Mother’s Day is a great time for reflecting on how much mothers mean to us. We celebrate them with brunch and flowers and maybe a pint of their favorite Ben & Jerry’s flavor and thank them for being there for us.
But can we get real for a second? What every mother — every parent, really — wants most is to provide for their child, to see them grow and find happiness and become the person they are supposed to be. That’s a beautiful thing. But for many mothers, providing for their children is next to impossible. How can that be? In the richest country in the history of the world, how can that be?
That’s why this Mother’s Day, even though we have nothing at all against flowers, breakfast, or ice cream, we wanted to aim a little higher, go a bit bigger. So we joined with the Poor People’s Campaign to help launch their 40 Days of Action—40 days that will change America.
The Poor People’s Campaign is working in a spirit of love and unity to bring about true change in America, to shift the moral narrative of our country, to create a more perfect union—and so it makes perfect sense to kick off the first week of direct action by focusing on mothers. The truth of motherhood is universal, the desire to do right by our kids, to ensure they get a fair chance to succeed. Which is why we’re taking time May 13-May 19 to look at how our society has made it so difficult for mothers to do the one thing they want most.
- Nearly 4 in 10 children are poor for one or more years before they reach age 18—and more than 1 in 10 are poor for half or more of their childhood years. (And get this: 75% of Black children are poor during childhood vs. 30% of white children.)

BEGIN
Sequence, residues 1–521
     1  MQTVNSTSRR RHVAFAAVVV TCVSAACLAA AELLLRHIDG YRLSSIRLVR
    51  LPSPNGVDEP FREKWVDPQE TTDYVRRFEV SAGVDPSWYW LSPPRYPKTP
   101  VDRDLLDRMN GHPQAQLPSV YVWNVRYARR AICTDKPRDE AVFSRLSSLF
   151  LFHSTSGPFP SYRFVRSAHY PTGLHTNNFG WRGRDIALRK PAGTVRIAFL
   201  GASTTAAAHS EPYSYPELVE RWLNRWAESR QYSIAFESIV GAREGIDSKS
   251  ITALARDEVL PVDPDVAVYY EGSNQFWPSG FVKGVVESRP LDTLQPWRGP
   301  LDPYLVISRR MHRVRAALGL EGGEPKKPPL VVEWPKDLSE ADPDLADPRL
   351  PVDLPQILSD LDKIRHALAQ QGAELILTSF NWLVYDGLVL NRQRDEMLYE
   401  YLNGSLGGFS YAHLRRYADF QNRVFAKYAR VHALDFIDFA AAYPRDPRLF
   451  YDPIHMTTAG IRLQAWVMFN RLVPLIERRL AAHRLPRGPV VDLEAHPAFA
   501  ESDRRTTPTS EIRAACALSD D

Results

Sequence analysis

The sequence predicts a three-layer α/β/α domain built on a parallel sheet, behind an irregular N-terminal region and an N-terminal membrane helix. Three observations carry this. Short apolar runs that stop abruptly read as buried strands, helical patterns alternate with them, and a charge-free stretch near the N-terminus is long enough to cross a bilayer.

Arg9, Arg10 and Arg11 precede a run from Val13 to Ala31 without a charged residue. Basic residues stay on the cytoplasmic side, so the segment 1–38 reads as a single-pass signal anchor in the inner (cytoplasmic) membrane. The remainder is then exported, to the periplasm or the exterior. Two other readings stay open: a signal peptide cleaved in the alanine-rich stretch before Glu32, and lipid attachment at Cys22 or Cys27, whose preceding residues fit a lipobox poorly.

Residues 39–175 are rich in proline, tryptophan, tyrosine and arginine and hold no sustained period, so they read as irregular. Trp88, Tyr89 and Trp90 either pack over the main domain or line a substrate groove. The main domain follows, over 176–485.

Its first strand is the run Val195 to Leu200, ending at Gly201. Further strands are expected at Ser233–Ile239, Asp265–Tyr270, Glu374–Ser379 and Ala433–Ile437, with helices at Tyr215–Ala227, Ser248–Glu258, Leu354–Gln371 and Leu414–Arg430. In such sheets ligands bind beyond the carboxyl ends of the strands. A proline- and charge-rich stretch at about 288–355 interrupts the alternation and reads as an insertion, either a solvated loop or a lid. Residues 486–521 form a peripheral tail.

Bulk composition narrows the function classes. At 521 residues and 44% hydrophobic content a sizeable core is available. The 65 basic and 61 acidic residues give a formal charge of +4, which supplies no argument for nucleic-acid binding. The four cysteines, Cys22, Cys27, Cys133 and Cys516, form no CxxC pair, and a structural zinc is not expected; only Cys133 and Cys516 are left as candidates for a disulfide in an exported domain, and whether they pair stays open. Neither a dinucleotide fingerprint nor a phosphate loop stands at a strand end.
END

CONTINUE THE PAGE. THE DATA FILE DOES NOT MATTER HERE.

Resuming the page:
- 13.3 million (18% percent) of children under the age of 18 live in poverty.
- In 2016, 7.7 million low-income women, infants, and children participated in WIC — the Special Supplemental Nutrition Program for Women, Infants, and Children — that provides nutritious foods, counseling on healthy eating, breastfeeding support, and healthcare referrals.
- Black and Hispanic kids (16%, 12%) are more likely to be in deep poverty than white or Asian kids (6% and 6%). In fact, even when the overall poverty rate for children under 18 declined (19.7% to 18% from 2015 to 2016), racial disparities remained: 10.8% of white kids were in poverty, compared with 30.8% of Black kids.
- In 2015, 43% of children living in single-mother families were poor, compared with 10% of children living in married-couple families.
Sadly, we could go on and on. The statistics are painful to read: any country that spends hundreds of billions - yes, billions with a B - on the military can afford to pony up some serious money to help mothers and children in need. But what’s truly heartbreaking is the lives behind the numbers. Poverty follows kids into adulthood. It affects everything, from education to employment, from physical health to mental and emotional health.
These are our neighbors and friends. We know these mothers. We know these kids. They deserve a future. We all do.
What You Can Do
The more of us who talk about this, who educate each other, who pressure our politicians and take to the streets, the sooner change will come. Join the Poor People’s campaign and you’ll receive updates about what’s going on all over the country.
But even if you’re not able to get to any of the marches, protests, teaching sessions, or events, you can still get involved. Each week, these recurring events will be live streamed from Washington, DC via the Poor People’s Campaign’s Facebook page:
- Sundays: Mass Meeting, 6:00 pm to 7:30 pm EST
- Tuesdays: Truthful Tuesday Teach-Ins, 7:30 pm to 9:00 pm EST
- Thursdays: Thursday Justice Jam Nights, 7:30 pm to 8:30 pm EST
Why not invite some people over and watch it together? Start a conversation. Get to know each other. Share some food and share some ideas. The connections we make matter. We need each other. We’re all in this together, and we’re building a movement meant to last.
We’ll see you again next week, May 20-26, when the theme is Linking Systemic Racism and Poverty.
Want to learn more about the Poor People's Campaign? Click here for the full scoop!